The purpose of this Practitioner Enquiry was to stimulate discussion on the impact of exit passes on teaching and learning. Assessment is a major part of education and is carried out before, during and after all teaching. Teachers use this constant assessment in order to plan effective learning, as they take into account each individual’s next steps. A wide range of assessment strategies are used daily by teachers as they assess through both formative and summative assessment. Formative assessment is an important aspect of teachers’ classroom practice and can improve the progression of learners (Black & William, 2012). The exit pass is a formative assessment tool that enables teachers to assess how well pupils understand the content they are learning (Marzano, 2012). Therefore, it is a frequent tool embedded by many teachers on a daily basis and is the focus of this research.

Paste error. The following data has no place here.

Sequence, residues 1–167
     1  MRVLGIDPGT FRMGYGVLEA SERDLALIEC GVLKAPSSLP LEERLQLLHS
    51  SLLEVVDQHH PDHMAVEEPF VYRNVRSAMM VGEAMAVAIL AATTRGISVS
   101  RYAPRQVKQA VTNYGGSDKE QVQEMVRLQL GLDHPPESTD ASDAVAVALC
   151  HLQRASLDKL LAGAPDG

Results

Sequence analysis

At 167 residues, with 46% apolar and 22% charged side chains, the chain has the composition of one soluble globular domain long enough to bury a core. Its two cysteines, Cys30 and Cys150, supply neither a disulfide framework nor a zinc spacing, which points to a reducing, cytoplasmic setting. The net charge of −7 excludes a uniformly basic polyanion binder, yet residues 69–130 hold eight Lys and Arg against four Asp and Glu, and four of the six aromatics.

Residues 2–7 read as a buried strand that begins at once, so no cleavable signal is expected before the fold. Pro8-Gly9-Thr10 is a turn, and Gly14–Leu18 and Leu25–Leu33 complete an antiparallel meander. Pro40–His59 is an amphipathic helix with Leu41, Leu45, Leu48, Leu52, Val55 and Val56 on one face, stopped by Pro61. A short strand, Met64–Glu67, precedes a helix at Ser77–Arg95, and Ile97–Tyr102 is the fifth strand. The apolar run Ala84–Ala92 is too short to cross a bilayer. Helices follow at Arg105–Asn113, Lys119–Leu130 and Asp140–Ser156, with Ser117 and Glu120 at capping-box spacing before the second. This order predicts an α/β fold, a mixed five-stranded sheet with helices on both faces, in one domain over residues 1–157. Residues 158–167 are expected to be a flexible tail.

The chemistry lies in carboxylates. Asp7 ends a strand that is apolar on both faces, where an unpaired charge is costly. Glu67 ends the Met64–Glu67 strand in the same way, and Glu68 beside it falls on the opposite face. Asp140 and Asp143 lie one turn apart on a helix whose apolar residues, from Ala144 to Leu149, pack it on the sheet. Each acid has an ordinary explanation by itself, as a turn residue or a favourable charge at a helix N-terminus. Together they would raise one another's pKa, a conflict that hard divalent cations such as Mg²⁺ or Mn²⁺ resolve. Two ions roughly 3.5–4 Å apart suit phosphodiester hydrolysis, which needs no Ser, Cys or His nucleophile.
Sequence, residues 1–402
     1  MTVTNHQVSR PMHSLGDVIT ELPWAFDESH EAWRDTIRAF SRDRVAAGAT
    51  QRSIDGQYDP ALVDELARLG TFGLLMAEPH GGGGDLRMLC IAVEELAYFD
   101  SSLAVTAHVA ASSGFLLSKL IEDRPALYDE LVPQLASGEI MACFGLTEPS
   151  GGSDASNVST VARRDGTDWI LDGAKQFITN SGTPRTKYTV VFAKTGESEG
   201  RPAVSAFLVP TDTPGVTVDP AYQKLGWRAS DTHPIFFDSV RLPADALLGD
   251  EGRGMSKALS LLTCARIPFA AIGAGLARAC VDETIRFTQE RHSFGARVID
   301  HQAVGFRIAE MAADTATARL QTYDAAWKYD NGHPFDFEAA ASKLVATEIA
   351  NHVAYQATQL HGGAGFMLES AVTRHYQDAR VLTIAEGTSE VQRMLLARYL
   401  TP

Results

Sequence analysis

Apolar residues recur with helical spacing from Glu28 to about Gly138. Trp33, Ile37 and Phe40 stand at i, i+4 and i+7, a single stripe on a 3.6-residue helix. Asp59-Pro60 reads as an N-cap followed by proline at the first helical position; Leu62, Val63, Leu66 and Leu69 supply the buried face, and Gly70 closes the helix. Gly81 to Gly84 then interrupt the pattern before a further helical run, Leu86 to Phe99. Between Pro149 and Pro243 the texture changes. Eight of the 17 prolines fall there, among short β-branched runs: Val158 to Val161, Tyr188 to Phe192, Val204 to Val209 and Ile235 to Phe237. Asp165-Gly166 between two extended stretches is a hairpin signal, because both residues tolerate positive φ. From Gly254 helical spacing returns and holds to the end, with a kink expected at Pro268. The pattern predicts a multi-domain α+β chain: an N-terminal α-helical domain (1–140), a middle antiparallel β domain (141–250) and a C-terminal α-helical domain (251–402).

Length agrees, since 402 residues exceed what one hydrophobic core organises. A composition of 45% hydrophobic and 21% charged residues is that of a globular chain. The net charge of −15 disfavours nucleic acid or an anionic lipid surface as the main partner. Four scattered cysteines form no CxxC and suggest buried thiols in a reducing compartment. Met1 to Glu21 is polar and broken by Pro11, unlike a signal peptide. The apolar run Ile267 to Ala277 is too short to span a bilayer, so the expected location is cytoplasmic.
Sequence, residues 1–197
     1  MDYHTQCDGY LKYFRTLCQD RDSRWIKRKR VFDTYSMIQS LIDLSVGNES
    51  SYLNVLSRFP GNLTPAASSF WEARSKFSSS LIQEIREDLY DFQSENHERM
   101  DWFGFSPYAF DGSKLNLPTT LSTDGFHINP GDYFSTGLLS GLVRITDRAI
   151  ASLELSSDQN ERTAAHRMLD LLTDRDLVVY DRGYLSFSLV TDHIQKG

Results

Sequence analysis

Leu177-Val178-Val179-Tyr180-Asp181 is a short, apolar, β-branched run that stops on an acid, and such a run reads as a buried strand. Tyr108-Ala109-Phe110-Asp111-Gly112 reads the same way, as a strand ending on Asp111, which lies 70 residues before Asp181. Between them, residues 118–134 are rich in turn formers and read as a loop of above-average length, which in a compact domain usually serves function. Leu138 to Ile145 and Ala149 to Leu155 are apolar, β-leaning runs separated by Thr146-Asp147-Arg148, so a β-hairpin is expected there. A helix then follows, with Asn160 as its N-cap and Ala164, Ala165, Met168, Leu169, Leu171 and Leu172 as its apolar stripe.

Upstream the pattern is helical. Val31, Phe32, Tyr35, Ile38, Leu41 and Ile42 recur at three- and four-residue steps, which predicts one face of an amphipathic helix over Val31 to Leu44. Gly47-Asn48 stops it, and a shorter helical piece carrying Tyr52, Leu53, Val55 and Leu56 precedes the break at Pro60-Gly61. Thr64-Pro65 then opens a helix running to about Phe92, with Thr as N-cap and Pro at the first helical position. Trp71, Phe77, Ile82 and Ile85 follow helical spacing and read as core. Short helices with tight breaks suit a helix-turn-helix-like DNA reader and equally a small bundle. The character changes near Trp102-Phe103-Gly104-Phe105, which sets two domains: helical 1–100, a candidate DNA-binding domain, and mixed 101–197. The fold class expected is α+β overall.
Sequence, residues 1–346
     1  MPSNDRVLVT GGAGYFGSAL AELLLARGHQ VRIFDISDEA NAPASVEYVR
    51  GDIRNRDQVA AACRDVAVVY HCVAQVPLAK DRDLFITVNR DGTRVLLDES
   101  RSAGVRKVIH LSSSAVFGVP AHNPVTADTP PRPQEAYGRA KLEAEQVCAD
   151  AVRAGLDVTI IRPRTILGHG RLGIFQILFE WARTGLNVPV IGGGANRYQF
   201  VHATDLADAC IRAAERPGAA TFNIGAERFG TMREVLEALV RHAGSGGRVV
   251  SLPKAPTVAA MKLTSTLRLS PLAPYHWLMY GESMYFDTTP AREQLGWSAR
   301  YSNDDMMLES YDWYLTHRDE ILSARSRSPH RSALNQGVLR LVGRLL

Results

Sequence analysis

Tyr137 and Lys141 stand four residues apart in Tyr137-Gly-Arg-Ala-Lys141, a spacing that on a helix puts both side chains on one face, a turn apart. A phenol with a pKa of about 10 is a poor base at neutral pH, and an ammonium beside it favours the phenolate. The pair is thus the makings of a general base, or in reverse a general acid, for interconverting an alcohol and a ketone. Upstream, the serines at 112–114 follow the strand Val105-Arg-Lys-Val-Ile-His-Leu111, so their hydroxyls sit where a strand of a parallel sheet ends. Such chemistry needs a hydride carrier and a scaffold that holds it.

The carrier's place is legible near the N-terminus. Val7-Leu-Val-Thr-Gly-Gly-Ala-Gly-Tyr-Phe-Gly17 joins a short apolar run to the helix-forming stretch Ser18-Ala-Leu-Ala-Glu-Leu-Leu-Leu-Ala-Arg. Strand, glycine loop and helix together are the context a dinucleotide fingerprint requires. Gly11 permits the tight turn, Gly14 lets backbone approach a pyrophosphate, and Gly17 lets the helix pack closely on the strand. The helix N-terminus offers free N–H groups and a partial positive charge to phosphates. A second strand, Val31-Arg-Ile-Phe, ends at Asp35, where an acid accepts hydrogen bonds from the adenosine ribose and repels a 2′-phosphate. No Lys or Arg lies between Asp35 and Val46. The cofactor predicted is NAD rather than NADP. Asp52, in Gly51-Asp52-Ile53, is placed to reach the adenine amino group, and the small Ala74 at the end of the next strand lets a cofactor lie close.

As exit passes are not viewed as a formal assessment tool by majority of pupils, it was interesting to investigate if it made any difference to teaching and learning. With this, the aim of the research was to discover the impact of exit passes on teaching and learning and the results from this impact. It was unclear if this specific assessment tool would effect both the teacher and learner directly or if it would effect only one of them. It was also an option that the exit pass may not impact either and would consequently not have an effect on the teaching and learning.